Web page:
Archaeologist R Parthiban said, "Six months ago, three teachers - A. Anbalagan, D. Thiruppathi and M. Muruga - found a painting on a boulder while exploring Silanaiyakkanur forest, which is 1.5 km away from Thallapallam village. Recently, it was identified to be a 4000-year-old petroglyph that had a few similarities with the one found in a neolithic settlement site at Bellary in Karnataka". Asked what he inferred from the discovery, the archaeologist said, "Finding petroglyphs in Tamil Nadu is a rarity. In this case, two bull images were identified - on a hillside and another engraved atop a boulder. This shows that the people, who lived in Thallapallam during the neolithic age, had used the lands for cattle grazing".
Edited from The New Indian Express (1 September 2019)
Stone Age camp discovered in far north of Scotland
Remains of a Stone Age camp that was inhabited in the far north of Scotland around 8,000 years ago have been discovered during the upgrade of a notorious stretch of the A9 trunk road. It is thought the seasonal camp may have been used around 6,000 BCE with a number of flints and other small tools, used for hunting and the preparation of animal hides, discovered.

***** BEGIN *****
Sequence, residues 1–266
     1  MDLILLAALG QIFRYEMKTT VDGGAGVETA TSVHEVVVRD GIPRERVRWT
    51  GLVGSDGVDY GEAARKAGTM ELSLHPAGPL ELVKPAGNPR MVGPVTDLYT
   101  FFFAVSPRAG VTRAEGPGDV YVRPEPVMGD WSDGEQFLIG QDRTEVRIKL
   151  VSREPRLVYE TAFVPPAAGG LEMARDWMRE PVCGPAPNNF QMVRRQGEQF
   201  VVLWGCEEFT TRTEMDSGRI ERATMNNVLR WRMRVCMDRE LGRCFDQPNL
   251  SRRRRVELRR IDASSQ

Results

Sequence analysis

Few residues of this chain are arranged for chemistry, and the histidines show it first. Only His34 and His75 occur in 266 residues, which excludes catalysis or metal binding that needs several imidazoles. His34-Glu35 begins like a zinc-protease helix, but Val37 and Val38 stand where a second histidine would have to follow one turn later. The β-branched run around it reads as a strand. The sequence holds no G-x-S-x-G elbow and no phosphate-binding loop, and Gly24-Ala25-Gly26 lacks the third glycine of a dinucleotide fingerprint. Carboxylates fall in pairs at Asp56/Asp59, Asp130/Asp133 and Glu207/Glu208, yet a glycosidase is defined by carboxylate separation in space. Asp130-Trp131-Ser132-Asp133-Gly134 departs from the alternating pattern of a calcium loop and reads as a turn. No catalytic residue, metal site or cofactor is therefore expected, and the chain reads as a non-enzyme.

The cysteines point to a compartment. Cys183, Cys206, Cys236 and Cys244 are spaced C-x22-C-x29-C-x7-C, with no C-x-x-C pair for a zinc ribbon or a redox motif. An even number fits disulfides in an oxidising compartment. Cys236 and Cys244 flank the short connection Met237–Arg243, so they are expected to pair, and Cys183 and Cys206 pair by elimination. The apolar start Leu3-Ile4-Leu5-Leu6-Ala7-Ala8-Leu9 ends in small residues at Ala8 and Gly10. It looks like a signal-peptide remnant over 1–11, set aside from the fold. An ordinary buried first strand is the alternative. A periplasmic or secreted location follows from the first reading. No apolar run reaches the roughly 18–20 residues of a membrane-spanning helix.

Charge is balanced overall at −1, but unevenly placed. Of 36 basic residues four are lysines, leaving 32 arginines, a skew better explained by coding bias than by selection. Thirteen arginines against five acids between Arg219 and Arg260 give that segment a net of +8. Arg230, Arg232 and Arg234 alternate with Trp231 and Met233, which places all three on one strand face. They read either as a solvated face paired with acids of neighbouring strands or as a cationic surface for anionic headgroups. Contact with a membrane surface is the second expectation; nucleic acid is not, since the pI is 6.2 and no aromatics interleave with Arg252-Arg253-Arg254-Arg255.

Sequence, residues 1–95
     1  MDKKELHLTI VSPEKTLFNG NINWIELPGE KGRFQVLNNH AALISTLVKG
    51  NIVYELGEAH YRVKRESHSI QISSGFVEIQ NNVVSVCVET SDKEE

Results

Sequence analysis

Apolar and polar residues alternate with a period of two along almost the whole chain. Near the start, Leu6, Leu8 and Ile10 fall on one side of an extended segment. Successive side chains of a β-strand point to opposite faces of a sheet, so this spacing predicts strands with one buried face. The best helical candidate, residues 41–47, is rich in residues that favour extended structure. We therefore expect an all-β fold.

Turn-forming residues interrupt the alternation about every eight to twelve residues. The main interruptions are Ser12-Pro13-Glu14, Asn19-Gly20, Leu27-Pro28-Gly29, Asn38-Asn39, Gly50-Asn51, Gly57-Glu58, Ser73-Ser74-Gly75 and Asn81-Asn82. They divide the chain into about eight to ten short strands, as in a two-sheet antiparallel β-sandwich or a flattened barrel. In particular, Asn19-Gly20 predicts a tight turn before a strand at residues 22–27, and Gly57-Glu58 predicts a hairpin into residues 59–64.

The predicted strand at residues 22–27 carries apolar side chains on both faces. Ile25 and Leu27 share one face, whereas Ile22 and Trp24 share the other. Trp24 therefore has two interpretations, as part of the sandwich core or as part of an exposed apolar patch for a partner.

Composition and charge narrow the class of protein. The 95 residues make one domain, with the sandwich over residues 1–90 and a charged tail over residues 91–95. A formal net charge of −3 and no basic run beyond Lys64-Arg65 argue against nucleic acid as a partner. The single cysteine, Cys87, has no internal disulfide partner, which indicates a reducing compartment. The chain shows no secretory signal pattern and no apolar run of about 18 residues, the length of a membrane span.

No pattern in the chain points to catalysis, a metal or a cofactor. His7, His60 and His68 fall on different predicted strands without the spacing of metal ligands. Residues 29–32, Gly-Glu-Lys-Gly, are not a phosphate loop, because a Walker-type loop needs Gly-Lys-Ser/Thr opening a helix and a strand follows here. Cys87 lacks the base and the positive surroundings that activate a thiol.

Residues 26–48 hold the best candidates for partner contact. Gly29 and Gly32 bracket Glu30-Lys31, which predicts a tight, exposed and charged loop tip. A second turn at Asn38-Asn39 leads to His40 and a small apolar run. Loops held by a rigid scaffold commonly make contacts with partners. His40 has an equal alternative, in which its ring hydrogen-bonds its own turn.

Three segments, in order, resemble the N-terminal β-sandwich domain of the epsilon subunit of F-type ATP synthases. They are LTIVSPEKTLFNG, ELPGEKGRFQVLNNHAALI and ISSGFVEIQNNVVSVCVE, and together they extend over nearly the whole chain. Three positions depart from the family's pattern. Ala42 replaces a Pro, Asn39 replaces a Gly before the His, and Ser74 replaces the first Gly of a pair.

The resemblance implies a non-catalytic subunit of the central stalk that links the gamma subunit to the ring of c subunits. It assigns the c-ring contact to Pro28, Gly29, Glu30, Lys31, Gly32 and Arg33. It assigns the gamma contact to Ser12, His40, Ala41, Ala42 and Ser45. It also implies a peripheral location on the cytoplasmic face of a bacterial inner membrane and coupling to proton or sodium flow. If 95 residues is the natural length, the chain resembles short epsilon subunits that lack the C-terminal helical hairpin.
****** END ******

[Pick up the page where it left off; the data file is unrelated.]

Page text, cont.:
The remains of small shelters and fires were found near Berriedale Braes and could have been left behind by the earliest inhabitants of Caithness, archaeologists believe.
The archaeological finds will be displayed for the public to view at Dunbeath Heritage Museum in the coming weeks.
Edited from Scottish Government, The Scotsman (30 August 2019)
2 September 2019
Unknown monuments identified close to Newgrange
Around 40 previously unknown monuments have been identified in a survey of the Bru na Boinne area close to Newgrange, about 40 kilometres north-northwest of Dublin (Ireland). Researchers want to find out if the southern side of the river is as interesting as the northern side.